Why chose nitrogen inflation
Nitrogen is more than a color cap.
What is nitrogen?
Nitrogen is an inert gas more stable than air, it is less likely to get out of the tire. Unlike air, nitrogen does not compress in cold weather. The tire therefore remains at the same pressure regardless of the temperature. Nitrogen molecules being slightly larger than oxygen, permeation (penetration of a liquid, gas or vapor through a solid wall) is less pronounced, which means that there is less risk of loss of pressure, an important feature, especially in winter, with the temperature variations that Québec is experiencing and in particular for low-profile tires. To be effective, the nitrogen must be present in a proportion of 95% and more inside the tire.
Conservation of pressure
Pressure in a nitrogen inflated tire will remain more stable than in a compressed air inflated one, even if there is a lot of temperature differences.
Lower fuel consumption
Nitrogen reduces your tire wear. An underinflated tire uses more fuel, keeping a good pressure is then helping you to save fuel, while offering a better safety on the road.
Rims on which the tires are inflated with nitrogen, are better protected against rust and wear much less quickly. Air being composed of 22% oxygen and rare gases, moisture in air-inflated tires leads to faster oxidation of the rims. Inflated with nitrogen, the tire contains almost no oxygen, so no oxidation.
Protection monitoring system (TPMS)
Nitrogen minimizes the presence of moisture in the tire, which will further protect it from premature degradation and will be useful for vehicles equipped with a Tire Pressure Monitoring System (TPMS).
Pay attention! It is not because your tires are inflated with nitrogen that they will remain stable. As air-inflated tires, potholes, a defective valve, a lack of tightness between the tire and the rim will cause a gradual decrease in pressure. As a safety measure, you should regularly check that your tires keep the correct pressure.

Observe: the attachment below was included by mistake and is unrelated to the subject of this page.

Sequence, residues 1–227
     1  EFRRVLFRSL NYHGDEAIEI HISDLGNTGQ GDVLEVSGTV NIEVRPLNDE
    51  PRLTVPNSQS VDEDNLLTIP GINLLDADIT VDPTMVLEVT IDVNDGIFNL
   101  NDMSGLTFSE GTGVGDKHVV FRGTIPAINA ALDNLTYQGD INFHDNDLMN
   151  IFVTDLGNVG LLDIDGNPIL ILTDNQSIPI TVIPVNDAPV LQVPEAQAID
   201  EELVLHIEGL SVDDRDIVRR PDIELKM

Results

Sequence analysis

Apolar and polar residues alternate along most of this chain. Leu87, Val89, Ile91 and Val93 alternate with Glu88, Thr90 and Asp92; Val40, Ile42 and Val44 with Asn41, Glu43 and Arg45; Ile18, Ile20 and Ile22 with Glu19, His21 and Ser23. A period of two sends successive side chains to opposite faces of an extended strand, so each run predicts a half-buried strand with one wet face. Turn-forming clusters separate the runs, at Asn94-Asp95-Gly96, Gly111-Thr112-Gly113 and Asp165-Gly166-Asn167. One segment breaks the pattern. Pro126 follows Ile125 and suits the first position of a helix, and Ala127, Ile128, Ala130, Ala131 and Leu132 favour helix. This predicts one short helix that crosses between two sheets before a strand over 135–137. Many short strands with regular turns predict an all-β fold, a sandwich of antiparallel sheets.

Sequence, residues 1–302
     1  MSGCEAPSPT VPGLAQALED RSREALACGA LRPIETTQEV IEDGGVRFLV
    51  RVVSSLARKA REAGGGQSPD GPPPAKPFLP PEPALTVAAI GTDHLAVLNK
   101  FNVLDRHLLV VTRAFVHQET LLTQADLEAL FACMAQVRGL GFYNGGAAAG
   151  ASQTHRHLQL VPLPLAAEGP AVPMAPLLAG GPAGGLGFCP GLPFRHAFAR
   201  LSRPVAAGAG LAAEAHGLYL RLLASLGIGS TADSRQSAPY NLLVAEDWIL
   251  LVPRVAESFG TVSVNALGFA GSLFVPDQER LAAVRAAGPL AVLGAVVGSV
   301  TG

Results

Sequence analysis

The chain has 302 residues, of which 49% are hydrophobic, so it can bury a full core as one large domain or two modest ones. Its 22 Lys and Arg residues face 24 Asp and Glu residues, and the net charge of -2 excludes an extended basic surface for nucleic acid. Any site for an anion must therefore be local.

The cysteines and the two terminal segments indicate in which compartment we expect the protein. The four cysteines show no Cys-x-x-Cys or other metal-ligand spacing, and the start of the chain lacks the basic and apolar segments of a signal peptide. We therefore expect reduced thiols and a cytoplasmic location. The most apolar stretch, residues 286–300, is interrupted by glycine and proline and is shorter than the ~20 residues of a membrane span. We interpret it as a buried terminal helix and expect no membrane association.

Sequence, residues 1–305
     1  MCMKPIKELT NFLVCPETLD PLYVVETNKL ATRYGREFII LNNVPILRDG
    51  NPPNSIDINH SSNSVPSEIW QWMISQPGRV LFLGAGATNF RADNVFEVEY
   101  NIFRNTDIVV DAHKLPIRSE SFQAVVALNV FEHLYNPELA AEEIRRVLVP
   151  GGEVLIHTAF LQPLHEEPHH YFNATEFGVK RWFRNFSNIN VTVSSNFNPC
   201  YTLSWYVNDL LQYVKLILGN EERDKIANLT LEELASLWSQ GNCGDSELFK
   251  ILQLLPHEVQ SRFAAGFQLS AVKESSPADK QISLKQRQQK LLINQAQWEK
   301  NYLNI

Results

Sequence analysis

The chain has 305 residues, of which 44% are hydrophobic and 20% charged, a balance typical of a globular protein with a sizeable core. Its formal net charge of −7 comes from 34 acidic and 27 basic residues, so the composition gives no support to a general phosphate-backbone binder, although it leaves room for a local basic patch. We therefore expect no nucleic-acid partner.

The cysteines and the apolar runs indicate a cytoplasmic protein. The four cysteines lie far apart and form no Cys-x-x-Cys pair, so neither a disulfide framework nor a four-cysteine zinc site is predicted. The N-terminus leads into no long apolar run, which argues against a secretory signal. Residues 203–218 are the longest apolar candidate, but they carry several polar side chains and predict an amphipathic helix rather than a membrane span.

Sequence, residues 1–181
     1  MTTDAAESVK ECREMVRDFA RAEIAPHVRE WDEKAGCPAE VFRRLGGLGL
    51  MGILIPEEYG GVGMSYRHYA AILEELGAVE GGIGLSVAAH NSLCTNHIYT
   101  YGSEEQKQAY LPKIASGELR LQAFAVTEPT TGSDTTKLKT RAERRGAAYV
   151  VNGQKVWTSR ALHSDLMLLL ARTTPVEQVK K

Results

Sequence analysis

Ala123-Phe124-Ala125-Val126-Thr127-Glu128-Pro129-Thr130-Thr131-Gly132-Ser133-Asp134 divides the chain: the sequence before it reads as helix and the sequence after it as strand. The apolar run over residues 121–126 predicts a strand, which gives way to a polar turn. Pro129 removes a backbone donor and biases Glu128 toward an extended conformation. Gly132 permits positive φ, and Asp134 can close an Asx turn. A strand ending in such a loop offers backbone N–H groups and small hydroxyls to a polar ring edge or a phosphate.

Did you know?
According to a survey conducted by the Rubber Industry Association of Canada, more than 23% of vehicles in circulation in Canada have at least one under-inflated tire of 20% or more. You must be aware of the dangers associated with driving with underinflated tires, such as longer braking distance, lack of stability and premature wear of the tire, or even higher risk of bursting..
For every 6 ° C drop from the temperature at which a tire was inflated, tire pressure drops by one pound. Nitrogen is not sensitive to changes in temperature. Temperature differences have a very small impact (almost negligible) on the pressure of tires inflated with nitrogen (+/- 1 psi).
Generally, nitrogen inflation is about 4-6$ per tire.
The trucking and aviation industry advantageously use nitrogen for several years, especially to minimize the risk of bursting due to overheating in the tires.
In case of a puncture or leak, a tire inflated with nitrogen can be pumped up with air. Re-inflated with air, the tire continues to be functional, but loses the benefits provided by a minimum concentration of 95% nitrogen.
In Quebec, nitrogen inflation is increasingly available: small workshops provide with nitrogen bottle and large workshops produce it themselves.
The tires inflated with nitrogen are identified with a green cap.